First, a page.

Ralph Fiennes Paid A Big Price While Preparing For His Schindler's List Role

When it comes to preparing for roles, actors have historically gone to extreme lengths. Commonly called "the method," actors often find themselves diving so deep into a role that it comes at a physical or emotional cost. Brad Pitt chipped his front teeth for his role in "Fight Club," Robert Pattinson channeled his inner-chiropterologist (that's someone who studies bats) to become Batman, and Isabelle Fuhrman trained until her hands bled for the role of Alex in "The Novice." Some actors say the process changes them forever.

But where does one begin to prepare to play the leader of a Nazi concentration work camp? That's what Ralph Fiennes had to discover for himself once he was cast in a prominent role for the Steven Spielberg's World War II drama "Schindler's List." Fiennes has said that he went so deep down the rabbit hole that he began to sympathize with the Nazi leader.

He understood the appeal of Nazi recruitment

"Schindler's List" is the true story of Oskar Schindler (Liam Neeson), a businessman and member of the Nazi party who saved more than 1,000 Jews during the Holocaust by employing them in his factories. Spielberg's film won seven Academy Awards, including Best Picture. Ralph Fiennes was nominated for Best Supporting Actor for his portrayal of SS officer Amon Göth.

According to the New York Times, Fiennes had to immerse himself in Nazi material to get a sense of the Amon Göth character. This included watching Nazi propaganda films such as "Triumph of the Will" and recruitment movies. Fiennes said he came to understand the draw to the sense of "power, the order and hierarchy, and the patriotism" that the recruitment literature and films were meant to evoke.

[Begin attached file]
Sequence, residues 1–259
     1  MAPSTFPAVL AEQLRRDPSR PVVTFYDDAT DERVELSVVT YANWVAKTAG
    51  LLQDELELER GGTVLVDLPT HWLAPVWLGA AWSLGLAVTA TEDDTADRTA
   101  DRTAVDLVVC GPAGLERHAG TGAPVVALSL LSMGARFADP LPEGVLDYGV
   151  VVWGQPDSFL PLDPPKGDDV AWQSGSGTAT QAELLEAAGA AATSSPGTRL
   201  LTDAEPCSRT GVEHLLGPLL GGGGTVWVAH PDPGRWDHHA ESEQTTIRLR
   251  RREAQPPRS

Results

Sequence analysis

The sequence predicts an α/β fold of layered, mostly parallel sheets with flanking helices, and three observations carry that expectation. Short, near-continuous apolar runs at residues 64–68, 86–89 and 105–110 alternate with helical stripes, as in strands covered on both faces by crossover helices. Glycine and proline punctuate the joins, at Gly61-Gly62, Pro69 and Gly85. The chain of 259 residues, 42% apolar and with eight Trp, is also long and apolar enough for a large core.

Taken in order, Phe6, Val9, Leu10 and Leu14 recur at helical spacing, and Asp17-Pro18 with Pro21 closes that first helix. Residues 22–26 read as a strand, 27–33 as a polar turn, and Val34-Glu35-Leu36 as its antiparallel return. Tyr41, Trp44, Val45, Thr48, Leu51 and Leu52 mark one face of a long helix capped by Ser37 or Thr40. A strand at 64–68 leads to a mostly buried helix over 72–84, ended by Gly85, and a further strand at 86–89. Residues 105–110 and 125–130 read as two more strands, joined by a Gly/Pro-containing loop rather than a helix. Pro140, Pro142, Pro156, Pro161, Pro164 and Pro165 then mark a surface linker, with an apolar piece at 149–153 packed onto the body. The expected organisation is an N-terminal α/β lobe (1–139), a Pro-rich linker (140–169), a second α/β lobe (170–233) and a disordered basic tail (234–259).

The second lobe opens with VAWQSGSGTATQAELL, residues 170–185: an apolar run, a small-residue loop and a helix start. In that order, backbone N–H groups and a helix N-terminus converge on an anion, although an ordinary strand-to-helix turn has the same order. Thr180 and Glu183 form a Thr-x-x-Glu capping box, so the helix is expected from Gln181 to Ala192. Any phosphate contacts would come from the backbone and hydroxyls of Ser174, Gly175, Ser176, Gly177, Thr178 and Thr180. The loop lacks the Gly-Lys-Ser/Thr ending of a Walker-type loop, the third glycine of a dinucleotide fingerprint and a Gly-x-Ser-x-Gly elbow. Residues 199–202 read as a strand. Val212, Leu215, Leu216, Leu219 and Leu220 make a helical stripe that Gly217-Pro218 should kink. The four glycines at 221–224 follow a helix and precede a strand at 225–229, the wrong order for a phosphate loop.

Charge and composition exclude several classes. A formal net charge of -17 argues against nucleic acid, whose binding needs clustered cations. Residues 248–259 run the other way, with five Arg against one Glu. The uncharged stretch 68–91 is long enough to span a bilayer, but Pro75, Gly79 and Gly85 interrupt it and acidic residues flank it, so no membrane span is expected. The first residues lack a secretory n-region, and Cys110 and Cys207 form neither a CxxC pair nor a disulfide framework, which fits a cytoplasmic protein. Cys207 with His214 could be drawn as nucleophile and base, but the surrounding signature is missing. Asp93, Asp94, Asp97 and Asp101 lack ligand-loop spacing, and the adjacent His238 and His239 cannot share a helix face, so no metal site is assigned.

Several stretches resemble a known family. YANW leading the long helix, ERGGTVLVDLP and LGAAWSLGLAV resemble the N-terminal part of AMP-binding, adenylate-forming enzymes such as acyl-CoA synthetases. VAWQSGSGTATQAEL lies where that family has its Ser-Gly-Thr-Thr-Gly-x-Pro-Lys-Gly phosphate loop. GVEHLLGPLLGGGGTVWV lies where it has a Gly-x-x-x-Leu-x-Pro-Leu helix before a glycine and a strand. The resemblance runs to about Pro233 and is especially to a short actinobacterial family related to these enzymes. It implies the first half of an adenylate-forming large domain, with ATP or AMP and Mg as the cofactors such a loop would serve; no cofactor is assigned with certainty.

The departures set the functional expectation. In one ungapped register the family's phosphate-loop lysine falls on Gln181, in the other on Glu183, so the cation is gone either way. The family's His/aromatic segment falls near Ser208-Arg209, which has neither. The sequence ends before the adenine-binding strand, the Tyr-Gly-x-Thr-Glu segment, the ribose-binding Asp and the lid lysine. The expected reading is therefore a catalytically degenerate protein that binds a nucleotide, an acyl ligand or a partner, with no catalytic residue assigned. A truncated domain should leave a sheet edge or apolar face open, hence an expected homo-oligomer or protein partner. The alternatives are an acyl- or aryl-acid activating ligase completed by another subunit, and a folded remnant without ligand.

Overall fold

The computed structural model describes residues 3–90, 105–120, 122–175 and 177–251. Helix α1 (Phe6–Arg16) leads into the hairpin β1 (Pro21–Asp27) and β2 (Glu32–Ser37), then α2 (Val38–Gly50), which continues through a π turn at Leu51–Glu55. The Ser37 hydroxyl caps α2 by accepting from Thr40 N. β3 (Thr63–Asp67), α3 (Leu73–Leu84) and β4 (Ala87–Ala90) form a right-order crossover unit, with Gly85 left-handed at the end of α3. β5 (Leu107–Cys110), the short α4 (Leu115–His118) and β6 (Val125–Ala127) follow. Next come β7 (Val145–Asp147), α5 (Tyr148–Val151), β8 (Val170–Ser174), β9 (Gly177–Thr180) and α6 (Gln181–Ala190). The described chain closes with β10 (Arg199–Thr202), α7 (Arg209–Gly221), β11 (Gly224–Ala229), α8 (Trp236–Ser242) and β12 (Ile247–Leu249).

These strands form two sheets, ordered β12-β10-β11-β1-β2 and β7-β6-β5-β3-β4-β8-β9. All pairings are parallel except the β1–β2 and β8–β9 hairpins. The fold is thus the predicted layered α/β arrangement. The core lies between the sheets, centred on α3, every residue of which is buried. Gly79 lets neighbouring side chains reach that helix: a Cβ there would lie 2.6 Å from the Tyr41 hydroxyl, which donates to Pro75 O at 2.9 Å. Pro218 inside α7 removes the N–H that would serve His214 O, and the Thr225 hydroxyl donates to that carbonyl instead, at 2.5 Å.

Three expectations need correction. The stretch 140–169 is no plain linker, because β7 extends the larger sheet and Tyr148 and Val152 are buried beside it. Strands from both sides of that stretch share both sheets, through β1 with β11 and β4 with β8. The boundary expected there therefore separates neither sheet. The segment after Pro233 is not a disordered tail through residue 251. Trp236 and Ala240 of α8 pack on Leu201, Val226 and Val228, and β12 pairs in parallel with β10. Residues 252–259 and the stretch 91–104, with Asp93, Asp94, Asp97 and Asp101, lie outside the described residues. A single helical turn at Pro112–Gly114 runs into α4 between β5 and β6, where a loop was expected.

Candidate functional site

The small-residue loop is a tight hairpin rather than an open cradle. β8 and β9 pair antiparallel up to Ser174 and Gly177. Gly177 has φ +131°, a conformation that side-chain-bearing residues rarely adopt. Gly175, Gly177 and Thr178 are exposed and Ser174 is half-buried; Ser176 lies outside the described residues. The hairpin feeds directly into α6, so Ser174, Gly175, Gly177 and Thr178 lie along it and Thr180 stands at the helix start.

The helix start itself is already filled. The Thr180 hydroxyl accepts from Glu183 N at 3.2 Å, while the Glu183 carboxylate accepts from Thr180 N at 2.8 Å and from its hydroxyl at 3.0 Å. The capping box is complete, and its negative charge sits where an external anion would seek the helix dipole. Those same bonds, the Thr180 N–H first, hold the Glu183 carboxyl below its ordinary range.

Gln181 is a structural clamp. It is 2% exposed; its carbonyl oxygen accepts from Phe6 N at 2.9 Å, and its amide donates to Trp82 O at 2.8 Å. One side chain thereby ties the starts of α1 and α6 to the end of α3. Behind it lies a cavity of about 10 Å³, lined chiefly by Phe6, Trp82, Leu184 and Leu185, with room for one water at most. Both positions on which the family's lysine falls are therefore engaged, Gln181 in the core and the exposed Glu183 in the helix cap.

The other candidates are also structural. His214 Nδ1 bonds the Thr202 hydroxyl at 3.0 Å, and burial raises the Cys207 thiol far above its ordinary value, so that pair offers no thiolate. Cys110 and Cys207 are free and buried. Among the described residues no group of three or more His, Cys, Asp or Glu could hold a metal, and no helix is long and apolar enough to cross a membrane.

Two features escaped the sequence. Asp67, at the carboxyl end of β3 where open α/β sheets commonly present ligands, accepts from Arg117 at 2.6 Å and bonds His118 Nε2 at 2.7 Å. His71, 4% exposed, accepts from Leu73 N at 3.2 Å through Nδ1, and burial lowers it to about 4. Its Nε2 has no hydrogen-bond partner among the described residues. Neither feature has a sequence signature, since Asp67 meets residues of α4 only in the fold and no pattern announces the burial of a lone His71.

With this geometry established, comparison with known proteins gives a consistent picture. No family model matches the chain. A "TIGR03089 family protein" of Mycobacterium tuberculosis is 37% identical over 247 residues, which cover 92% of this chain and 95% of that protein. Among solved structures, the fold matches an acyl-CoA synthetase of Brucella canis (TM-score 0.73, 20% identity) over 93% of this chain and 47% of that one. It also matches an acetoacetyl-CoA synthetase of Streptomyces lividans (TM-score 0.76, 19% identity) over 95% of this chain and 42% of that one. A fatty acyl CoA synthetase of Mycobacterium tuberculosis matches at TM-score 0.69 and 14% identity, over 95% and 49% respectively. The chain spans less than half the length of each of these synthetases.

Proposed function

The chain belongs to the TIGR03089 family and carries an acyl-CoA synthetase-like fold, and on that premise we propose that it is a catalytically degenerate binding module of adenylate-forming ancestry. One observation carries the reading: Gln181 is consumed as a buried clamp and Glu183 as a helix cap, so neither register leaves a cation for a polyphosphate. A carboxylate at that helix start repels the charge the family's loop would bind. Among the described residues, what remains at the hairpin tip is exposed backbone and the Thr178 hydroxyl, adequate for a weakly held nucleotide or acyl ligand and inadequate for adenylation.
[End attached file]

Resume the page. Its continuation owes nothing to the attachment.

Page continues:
When it came to becoming Göth physically, Fiennes packed on 26 pounds, believing that the Nazi leader turned to food and alcohol because of the atrocious acts he would commit. The L.A. Times reported that Fiennes' regimen included three full meals a day, plenty of Guinness, and a weight-gainer made of vegetable fat. The physical transformation was necessary as the script featured scenes with Göth appearing shirtless as he oversaw the Nazi work camp.

Playing such a barbarous character so rooted in reality makes you wonder: what kind of toll does it take on an actor?

Fiennes found himself relating to the character

Fiennes understands the psychology behind the process of becoming someone as nasty as Amon Göth and knows that it's all but impossible to avoid any lingering effects from the role. He ruminated:

"I think there was a price to pay for this one. When you're investigating behavior that is that negative so intensely for three months, then you feel sort of peculiar because you might have at moments enjoyed it and at the same time you feel slightly soiled by it. It just throws up all kinds of question marks, about acting, about human behavior, about how all of that is probably a lot closer to the surface than we like to think."

The preparation was followed by a harrowing five-month shoot in Poland. According to Entertainment Weekly, the production was miserable on multiple levels. Temperatures would dip as low as 15-below zero. The cast and crew were met with anti-Semitic messaging on billboards. All the while, director Steven Spielberg was waging a silent war with the studio for the film's authenticity, including battles to shoot in black and white and film outside the Auschwitz concentration camp.

The reality of the production led to the unlikely situation of Fiennes relating to the despicable character he portrayed. "If you are playing a role, you are immersing yourself in thinking about that character, how he moves, how he thinks," Fiennes said. "In the end, he becomes an extension of your own self. You like him." A heavy price to pay for an important role in such a poignant movie.